Where did the trend for dedicating books to people come from, I wonder? Other pieces of work do not do this. Architects don't put a plaque on their new Tesco Metro that reads, 'To Mum & Dad'. If you look underneath Hirst's pickled shark it does not say 'To Anita'. In film and TV, a dedication is only acceptable if someone has died recently. But a book seems unfinished without a dedication. I do not know why this is.
As for the dedications themselves, about 90% are to whoever the author is sleeping with. This is probably understandable, as writers mostly have no money and spend years locked away in a little room by themselves. They therefore need some carrot to persuade their partners not to run away, and the promise of being immortalised once the book is finished is a tempting carrot.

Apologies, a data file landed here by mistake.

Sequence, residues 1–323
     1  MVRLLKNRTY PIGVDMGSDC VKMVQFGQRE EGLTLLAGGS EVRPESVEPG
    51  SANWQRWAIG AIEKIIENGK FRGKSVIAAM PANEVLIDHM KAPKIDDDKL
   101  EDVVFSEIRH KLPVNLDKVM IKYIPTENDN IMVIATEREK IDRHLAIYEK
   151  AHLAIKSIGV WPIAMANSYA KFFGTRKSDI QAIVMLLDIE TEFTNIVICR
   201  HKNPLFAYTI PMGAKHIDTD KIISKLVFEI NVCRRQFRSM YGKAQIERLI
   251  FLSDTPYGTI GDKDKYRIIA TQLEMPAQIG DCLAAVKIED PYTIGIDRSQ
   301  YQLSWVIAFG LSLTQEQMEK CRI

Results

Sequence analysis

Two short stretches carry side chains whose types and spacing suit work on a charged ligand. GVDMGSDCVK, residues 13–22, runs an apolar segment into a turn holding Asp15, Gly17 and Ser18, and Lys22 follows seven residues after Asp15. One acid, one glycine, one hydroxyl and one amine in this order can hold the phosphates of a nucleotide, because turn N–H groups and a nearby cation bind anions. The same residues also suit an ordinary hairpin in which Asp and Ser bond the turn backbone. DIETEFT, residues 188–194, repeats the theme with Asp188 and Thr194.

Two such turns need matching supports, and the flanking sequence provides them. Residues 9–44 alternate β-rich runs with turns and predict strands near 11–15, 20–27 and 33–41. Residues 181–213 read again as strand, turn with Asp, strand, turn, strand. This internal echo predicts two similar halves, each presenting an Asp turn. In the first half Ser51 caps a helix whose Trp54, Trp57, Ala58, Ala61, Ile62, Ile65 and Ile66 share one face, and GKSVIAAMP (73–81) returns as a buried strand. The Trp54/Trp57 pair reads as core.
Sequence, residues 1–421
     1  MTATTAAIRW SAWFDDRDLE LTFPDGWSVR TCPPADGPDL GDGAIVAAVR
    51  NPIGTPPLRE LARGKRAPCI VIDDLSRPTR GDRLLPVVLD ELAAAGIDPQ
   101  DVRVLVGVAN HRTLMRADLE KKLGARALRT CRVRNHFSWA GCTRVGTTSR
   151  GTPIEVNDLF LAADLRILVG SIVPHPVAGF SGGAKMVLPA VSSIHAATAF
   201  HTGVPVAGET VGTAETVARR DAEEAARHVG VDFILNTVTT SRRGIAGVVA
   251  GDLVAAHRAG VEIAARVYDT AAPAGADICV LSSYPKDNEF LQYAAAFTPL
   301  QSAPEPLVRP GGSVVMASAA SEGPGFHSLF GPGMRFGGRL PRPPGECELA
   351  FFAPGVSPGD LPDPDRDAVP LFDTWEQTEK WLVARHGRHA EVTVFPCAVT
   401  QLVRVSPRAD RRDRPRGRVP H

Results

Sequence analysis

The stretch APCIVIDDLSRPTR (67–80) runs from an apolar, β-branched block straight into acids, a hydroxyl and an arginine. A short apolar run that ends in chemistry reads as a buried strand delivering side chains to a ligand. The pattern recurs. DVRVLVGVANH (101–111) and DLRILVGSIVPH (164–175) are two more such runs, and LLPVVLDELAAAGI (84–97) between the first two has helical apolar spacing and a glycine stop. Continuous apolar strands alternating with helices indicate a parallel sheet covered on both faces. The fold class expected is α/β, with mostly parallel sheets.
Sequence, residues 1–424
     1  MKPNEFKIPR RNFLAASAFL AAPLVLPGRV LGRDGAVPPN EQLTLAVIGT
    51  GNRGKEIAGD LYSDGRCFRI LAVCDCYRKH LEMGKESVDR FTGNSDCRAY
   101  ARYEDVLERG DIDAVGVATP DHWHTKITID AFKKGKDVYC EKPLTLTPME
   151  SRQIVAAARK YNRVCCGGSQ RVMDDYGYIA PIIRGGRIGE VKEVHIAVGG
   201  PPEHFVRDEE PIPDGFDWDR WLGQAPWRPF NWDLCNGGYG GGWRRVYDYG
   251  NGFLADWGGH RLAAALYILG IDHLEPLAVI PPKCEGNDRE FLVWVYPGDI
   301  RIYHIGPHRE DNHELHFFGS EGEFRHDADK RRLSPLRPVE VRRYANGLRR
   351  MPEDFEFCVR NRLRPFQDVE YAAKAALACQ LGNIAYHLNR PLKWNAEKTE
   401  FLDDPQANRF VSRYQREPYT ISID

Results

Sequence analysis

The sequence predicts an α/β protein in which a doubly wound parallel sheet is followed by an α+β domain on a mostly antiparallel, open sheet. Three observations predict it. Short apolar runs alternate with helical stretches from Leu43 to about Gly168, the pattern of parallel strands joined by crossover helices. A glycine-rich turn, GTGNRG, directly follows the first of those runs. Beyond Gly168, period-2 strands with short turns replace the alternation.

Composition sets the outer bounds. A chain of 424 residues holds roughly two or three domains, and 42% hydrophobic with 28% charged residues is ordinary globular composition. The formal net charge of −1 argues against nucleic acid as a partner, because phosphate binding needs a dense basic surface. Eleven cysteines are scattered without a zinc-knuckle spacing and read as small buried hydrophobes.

As for the other dedications, they are usually to parents, children or colleagues. Occasionally however there are dedications that are interesting - being either mysterious, funny, or just plain arsey. Here are my top five:
5. Flying Saucer Rock 'n' Roll by Richard Blandford:
"To the Skyman"
4. Post Office by Charles Bukowski:
"This book is presented as a work of fiction and dedicated to no-one"
3. The Great Shark Hunt by Hunter S. Thompson:
"To Richard Milhouse Nixon, who never let me down."
2. Principia Discordia by Malaclypse the Younger:
"To the prettiest one. All Hail Eris! All Hail Discordia!"
1. Better Than Sex by Hunter S. Thompson:
"To Nicole, my vampire in the Garden of Agony"